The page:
Factors Affecting Dermacentor Tick Abundance at Turnbull National Wildlife Refuge

Nicholas Andrew Loehlein

Abstract


Understanding the environmental factors determining risk of exposure to disease vectors is critical for public and veterinary health. Tick populations from the Turnbull National Wildlife Refuge using drag sampling from mid-June to early August 2014 in order to determine the effect of temperature, seasonality, and habitat on tick abundance. Two species of ticks were collected, Dermacentor andersoni and Dermacentor variabilis. This study found a significant difference in overall mean abundances between transects (p < 0.01), as well as an approximately 5 fold decrease in mean abundance over the second half of our study (p < 0.01). Changes in tick abundance were significantly different across transects.  The proportion of the two tick species was consistent across all transects except transect 5, which saw disproportionately more D. variabilis (p < 0.05). Tick abundance was not regulated by temperature alone, but did exhibit a seasonal dynamic, decreasing later in the summer. Tick abundance also varied by transect and even within transects themselves.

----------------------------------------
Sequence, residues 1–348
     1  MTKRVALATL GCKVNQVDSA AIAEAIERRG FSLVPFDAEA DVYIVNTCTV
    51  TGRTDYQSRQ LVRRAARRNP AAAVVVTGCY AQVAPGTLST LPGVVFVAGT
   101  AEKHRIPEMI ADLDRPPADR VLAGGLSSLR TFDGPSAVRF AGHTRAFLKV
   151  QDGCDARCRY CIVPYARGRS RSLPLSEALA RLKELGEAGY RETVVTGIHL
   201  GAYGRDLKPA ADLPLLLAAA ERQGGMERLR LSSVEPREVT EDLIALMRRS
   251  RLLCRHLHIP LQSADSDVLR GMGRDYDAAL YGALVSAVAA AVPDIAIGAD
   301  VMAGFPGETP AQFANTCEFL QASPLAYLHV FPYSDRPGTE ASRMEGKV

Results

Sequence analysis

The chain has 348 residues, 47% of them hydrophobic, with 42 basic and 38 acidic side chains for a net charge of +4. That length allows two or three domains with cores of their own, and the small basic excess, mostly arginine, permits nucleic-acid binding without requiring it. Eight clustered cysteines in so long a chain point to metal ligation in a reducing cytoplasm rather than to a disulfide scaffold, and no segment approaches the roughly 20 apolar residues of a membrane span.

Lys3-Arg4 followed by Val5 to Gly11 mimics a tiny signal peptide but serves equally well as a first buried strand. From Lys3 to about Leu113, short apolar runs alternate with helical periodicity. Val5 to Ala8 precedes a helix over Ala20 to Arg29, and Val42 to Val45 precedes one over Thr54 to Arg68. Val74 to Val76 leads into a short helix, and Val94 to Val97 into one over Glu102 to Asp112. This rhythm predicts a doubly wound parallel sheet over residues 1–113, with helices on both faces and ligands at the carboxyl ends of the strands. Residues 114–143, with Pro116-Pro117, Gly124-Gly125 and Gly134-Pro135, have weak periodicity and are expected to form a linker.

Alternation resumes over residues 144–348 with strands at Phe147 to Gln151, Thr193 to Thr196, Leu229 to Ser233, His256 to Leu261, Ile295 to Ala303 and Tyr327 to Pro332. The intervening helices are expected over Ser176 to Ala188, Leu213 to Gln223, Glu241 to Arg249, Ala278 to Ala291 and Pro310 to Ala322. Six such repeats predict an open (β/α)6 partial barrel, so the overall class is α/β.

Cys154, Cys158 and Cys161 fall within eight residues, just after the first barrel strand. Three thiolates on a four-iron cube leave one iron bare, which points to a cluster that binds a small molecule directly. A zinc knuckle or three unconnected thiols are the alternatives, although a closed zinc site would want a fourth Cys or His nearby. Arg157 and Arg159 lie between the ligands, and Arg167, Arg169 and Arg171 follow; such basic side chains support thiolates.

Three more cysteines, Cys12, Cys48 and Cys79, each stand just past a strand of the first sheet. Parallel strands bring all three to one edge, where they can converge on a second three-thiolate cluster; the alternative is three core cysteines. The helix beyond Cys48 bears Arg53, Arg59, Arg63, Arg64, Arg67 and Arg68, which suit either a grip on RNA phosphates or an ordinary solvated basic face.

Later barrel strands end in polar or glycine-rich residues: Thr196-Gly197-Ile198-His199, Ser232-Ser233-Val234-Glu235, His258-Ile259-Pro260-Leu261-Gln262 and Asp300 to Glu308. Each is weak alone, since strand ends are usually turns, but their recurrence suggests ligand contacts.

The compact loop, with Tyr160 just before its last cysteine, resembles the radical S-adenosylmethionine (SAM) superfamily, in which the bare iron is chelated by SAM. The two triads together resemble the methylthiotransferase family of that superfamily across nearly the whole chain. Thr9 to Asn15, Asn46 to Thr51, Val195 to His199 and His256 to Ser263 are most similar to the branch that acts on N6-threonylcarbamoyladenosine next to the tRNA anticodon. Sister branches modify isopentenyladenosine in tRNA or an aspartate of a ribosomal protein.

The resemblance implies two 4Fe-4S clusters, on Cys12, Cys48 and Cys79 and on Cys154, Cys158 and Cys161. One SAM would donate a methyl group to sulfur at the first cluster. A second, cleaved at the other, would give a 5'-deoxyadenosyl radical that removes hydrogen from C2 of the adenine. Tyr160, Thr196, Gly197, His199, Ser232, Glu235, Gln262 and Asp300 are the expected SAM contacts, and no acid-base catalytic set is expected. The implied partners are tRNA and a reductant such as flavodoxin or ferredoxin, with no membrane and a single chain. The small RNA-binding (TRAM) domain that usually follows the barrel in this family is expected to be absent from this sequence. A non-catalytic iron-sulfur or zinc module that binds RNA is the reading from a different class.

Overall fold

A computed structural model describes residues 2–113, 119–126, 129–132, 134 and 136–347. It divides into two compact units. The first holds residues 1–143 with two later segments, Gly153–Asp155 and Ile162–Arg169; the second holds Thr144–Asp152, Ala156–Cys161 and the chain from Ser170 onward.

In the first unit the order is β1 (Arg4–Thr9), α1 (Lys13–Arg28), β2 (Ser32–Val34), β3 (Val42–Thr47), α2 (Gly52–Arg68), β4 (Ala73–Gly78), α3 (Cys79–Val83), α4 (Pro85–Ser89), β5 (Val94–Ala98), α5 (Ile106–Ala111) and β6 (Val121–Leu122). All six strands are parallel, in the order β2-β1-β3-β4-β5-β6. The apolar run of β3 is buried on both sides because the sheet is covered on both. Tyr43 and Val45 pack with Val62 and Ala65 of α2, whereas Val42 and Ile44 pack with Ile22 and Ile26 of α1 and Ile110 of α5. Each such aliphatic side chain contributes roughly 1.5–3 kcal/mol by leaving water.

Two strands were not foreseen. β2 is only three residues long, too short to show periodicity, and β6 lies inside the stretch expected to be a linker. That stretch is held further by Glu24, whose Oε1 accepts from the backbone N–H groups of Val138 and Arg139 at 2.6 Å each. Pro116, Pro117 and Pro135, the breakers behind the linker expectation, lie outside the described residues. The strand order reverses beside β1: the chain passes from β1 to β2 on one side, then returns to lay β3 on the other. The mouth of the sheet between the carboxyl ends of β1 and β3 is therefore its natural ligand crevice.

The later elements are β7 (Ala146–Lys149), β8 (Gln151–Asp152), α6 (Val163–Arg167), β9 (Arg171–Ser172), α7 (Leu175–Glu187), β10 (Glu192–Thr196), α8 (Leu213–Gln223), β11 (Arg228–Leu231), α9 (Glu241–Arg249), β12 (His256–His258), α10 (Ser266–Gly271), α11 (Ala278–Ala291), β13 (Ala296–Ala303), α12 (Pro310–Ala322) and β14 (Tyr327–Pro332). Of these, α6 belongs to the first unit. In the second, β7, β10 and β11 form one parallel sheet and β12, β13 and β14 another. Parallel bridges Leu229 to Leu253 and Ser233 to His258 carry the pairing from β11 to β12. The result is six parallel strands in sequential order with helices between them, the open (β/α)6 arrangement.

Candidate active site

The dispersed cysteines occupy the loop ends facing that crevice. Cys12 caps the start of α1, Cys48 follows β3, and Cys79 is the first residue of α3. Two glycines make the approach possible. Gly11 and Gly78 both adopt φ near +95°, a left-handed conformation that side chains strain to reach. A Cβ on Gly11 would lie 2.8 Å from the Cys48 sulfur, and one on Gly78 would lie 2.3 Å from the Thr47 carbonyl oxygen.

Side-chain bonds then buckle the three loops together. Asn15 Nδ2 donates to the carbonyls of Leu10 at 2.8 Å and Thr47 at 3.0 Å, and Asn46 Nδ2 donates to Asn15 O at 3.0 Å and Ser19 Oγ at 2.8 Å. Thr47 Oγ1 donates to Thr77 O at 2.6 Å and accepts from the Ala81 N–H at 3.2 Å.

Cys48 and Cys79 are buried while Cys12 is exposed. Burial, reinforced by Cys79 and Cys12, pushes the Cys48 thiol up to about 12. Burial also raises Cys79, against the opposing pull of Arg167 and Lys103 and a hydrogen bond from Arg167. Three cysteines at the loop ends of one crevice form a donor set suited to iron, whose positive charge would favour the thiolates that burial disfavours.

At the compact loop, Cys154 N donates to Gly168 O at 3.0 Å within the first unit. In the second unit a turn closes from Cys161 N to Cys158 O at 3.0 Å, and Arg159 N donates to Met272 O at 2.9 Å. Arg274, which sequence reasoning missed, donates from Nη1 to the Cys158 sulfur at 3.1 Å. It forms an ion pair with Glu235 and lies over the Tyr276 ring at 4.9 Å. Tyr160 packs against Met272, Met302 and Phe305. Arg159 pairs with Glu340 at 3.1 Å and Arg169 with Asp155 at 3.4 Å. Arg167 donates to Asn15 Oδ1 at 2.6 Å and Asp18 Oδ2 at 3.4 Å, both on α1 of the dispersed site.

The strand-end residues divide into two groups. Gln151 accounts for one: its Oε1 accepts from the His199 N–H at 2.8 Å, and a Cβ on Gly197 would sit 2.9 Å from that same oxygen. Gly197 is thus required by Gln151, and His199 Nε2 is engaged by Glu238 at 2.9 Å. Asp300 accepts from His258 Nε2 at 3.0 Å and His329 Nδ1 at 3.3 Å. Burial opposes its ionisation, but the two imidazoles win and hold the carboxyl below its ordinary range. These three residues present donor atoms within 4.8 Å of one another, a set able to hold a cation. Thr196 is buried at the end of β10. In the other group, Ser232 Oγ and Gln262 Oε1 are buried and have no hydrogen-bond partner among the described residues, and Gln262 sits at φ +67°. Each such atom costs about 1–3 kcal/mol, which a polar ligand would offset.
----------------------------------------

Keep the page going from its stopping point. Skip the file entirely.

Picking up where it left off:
Keywords


Dermacentor; Tick; Turnbull National Wildlife Refuge

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